Daily Israel Report
Show More

OpEds


Arab Media Outcry as MKs Weigh Jewish Prayer on Temple Mount

MKs consider allowing Jews to pray on the Temple Mount, sparking Arab media outcry over ‘prayers in mosque.’
By Maayana Miskin
First Publish: 4/23/2013, 9:12 PM

The Temple Mount
The Temple Mount
Israel news photo: Flash 90

For years Jews have been allowed to visit the Temple Mount, the holiest place on earth according to the Jewish religion, but have not been allowed to pray there. In late 2012 police issued draconian instructions under which Jewish visitors could be arrested for merely appearing to pray.

All that may change with MK Miri Regev’s appointment to head the Knesset’s Internal Affairs Committee. Regev (Likud) is planning a trip to the Temple Mount in order to weigh the option of permitting Jewish prayer at the site.

In announcing her plans, Regev quoted from the Biblical prophecies of Isaiah, “Even them will I bring to My holy mountain, and make them joyful in My house of prayer; their burnt-offerings and their sacrifices shall be acceptable upon Mine altar; for My house shall be called a house of prayer for all peoples” .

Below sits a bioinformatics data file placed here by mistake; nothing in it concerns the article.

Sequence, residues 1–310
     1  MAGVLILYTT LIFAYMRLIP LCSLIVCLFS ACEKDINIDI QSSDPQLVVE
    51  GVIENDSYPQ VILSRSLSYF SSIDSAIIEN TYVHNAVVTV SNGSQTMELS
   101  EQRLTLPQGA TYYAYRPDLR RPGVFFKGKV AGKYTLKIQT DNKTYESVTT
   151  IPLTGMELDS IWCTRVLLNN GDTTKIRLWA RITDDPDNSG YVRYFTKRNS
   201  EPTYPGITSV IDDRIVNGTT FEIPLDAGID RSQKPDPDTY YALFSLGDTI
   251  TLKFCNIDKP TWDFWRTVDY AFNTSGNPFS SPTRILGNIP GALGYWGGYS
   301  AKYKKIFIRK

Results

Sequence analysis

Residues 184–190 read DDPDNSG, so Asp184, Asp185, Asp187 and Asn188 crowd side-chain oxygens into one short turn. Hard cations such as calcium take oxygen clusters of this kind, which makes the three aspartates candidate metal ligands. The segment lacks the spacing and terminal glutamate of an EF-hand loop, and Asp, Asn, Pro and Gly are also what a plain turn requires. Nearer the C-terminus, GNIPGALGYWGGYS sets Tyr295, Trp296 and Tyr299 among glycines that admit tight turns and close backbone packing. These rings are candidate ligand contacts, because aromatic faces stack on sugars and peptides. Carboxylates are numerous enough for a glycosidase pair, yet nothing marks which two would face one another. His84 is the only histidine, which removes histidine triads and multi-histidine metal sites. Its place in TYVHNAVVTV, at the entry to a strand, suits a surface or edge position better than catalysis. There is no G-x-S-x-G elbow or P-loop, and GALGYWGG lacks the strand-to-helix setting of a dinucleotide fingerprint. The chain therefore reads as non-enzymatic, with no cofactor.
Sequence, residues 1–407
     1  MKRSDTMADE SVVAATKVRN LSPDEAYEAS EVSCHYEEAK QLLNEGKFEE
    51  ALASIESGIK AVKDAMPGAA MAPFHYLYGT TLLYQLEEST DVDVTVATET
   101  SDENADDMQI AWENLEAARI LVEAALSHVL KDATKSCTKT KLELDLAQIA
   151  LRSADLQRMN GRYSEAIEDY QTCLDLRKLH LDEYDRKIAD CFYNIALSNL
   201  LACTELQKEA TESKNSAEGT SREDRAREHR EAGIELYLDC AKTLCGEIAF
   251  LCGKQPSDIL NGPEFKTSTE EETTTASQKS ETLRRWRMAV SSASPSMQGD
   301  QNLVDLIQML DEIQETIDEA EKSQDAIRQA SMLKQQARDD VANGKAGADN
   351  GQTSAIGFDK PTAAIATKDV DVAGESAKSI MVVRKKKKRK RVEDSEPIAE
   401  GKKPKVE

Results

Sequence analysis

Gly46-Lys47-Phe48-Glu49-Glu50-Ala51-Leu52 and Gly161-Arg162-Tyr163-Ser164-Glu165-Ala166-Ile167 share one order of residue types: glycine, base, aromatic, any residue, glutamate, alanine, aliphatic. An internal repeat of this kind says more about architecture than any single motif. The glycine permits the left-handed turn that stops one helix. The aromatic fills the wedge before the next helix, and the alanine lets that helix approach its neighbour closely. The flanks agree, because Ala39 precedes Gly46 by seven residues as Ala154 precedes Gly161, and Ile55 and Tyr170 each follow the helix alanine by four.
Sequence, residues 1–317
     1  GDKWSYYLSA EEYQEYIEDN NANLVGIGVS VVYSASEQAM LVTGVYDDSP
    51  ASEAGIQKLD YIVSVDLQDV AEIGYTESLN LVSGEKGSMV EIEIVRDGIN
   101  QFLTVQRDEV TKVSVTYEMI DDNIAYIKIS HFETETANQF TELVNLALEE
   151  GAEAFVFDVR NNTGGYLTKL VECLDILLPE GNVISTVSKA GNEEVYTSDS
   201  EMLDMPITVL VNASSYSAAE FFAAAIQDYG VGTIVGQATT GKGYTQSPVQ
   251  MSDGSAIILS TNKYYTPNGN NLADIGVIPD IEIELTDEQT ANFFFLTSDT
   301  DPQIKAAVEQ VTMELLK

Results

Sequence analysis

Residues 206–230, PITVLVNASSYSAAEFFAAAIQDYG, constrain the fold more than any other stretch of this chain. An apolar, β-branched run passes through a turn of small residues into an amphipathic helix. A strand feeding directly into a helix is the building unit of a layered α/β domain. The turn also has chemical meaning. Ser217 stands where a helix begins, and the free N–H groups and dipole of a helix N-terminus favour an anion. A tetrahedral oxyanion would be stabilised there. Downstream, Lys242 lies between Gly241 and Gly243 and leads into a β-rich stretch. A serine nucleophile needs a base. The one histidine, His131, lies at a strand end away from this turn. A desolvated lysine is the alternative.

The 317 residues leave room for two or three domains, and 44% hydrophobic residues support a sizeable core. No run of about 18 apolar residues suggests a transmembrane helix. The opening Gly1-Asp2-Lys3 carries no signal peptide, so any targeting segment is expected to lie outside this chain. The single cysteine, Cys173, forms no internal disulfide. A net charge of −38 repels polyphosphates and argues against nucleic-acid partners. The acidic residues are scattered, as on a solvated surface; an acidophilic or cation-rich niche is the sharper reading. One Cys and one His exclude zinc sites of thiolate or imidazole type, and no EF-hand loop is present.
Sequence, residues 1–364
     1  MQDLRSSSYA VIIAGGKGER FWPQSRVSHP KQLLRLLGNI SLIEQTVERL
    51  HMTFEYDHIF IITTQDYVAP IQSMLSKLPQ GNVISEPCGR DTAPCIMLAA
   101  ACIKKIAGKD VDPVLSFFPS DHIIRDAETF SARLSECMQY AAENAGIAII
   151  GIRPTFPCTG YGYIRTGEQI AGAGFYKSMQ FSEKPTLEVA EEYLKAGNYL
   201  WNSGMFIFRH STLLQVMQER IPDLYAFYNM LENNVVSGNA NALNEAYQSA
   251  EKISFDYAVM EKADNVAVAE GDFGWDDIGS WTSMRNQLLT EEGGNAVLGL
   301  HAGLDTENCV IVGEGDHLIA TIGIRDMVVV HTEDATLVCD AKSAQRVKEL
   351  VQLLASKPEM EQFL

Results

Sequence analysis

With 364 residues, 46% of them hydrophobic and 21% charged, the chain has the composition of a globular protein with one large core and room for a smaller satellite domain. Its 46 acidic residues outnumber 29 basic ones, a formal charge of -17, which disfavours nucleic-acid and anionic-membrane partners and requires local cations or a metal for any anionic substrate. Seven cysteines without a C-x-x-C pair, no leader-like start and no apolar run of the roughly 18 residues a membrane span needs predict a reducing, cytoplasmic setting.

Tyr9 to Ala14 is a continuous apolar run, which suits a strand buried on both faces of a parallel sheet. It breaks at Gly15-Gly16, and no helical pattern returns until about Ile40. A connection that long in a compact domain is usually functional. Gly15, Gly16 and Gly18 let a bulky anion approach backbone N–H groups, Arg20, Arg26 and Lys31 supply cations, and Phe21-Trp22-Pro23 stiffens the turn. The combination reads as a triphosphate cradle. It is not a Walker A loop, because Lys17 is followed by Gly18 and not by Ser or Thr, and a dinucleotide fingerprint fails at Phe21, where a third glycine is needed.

Regev’s announcement has caused anger in the Arab media, where several outlets have mistakenly reported that she is planning a visit to the Al-Aqsa Mosque, located on the Temple Mount, and is planning to allow non-Muslim prayer inside the mosque.

One paper cited MK Taleb Abu-Arar of the Ra’am Ta’al party as saying that Regev “is planning a tour for committee members in the Al Aqsa mosque.”

Muslim groups in Israel have frequently accused Israel of planning to divide the Temple Mount or to rebuild the Temple. The Al-Aqsa Institute previously accused MK Moshe Feiglin of “defiling” the Al Aqsa mosque during a visit to the Temple Mount.

Regev has issued a clarification that she is not planning to visit the mosque or to seek to permit Jewish prayer within the mosque.

She noted the difference between the Jewish approach of “a house of prayer for all peoples” and the Muslim approach, as described by MK Abu-Arar, prohibiting non-Muslims from praying in the mosque – a difference she termed “interesting.”